Rush to the Dead Summer (夏至未至) is a TV drama based on the novel by Guo Jingming (郭敬明) that follows a group friends during a time span of ten years as they go from their highschool life and each start their own life in society.

Many fans have been waiting a long time for this TV drama to come out, as its airing was already announced in the summer of 2016. By now, its official Weibo account has well over 1.6 million followers.

The theme song of the TV drama (video above) is also very popular. The song, titled “First Memory” (最初的记忆) is by Taiwanese singer Lala Hsu.

 

#4. White Deer Plain 白鹿原

Drama origin: Mainland China
Genre: Contemporary historical drama
Broadcast start: May 10 2017, Anhui TV, Zhejiang TV
Episodes: 85
Starring: Zhang Jiayi, He Bing, Qin Hailu, Liu Peiqi, Li Hongtao, and more.

The preparation and production of White Deer Plain was certainly not rushed; it reportedly took 17 years before this TV drama finally went on air. The drama plot is based on the award-winning Chinese literary classic by Chen Zhongshi (陈忠实) of the same name from 1993.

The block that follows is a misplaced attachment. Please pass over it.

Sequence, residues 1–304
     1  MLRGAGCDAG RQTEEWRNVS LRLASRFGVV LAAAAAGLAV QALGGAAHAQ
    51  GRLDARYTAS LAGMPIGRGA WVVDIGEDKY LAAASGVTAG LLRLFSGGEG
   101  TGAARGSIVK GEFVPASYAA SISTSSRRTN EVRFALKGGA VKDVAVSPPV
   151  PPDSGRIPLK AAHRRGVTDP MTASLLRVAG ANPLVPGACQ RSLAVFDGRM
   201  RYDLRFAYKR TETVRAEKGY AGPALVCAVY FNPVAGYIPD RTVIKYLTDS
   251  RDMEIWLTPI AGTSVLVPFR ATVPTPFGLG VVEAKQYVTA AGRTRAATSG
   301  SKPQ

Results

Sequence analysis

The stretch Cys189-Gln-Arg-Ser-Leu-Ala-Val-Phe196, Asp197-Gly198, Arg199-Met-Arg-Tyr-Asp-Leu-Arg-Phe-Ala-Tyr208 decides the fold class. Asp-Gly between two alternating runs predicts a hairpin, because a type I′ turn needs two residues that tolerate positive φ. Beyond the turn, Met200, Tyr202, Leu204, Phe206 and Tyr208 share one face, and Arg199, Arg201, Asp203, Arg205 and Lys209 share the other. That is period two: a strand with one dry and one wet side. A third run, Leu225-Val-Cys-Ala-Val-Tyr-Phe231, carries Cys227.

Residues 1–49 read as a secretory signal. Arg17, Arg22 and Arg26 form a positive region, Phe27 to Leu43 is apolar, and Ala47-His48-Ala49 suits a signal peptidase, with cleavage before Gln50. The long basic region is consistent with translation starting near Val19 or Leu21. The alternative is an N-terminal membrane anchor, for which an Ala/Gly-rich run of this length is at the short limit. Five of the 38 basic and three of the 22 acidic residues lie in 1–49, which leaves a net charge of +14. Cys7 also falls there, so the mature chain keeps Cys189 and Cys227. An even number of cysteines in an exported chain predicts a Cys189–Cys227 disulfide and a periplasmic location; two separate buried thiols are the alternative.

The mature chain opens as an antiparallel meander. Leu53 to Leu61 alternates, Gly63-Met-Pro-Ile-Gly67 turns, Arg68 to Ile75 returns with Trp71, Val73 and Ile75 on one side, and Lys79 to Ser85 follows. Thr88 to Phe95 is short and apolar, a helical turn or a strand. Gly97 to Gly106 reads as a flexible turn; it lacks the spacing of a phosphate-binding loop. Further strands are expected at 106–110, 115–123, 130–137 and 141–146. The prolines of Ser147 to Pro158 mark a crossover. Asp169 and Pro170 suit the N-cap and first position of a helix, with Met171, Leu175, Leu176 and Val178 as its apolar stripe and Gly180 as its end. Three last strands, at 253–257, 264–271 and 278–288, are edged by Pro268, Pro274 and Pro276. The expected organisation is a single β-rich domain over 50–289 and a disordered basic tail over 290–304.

This work’s success in China has previously been compared to that of One Hundred Years of Solitude by Gabriel García Márquez. White Deer Plain was previously also turned into a movie (2011).

The historic epic follows the stories of people from several generations living on the ‘White Deer Plain,’ or North China Plain in Shanxi province, during the first half of the 20th century. This tumultuous period sees the Republican Period, the Japanese invasion, and the early days of the People’s Republic of China.

The drama has received an 8.9 star review from netizens on Douban.

 

#5. The Legend of Dragon Pearl 龙珠传奇

Drama origin: Mainland China
Genre: Costume, romance, idol drama
Broadcast start: 5 May 2017, Anhui TV
Episodes: 90
Starring: Yang Zi aka Andy Yang 杨紫/ Qin Junjie 秦俊杰/Shu Chang aka Jennifer Shu 舒畅

The Legend of Dragon Pearl (龙珠传奇) is the second palace drama in this top 5, which shows that the genre of traditional drama, particularly costume drama, is still very popular – arguably even more popular than before.

This Chinese television drama tells the story of the unlikely romance between the Princess Zhu Yihuan (Yang Zi), a martial arts talent and the last princess of the Ming dynasty, and Emperor Kangxi (Qin Junjie), who is the young emperor of the Qing dynasty. Their love story is not without hurdles, because the Kangxi court is actually hated by Zhu’s family as the Ming dynasty, by the Han people, was overthrown by the Manchurians who established the Qing Dynasty.

This love story gets even sweeter when you know that main players Andy Yang (Yang Zi) and Qin Junjie are also a couple in real life.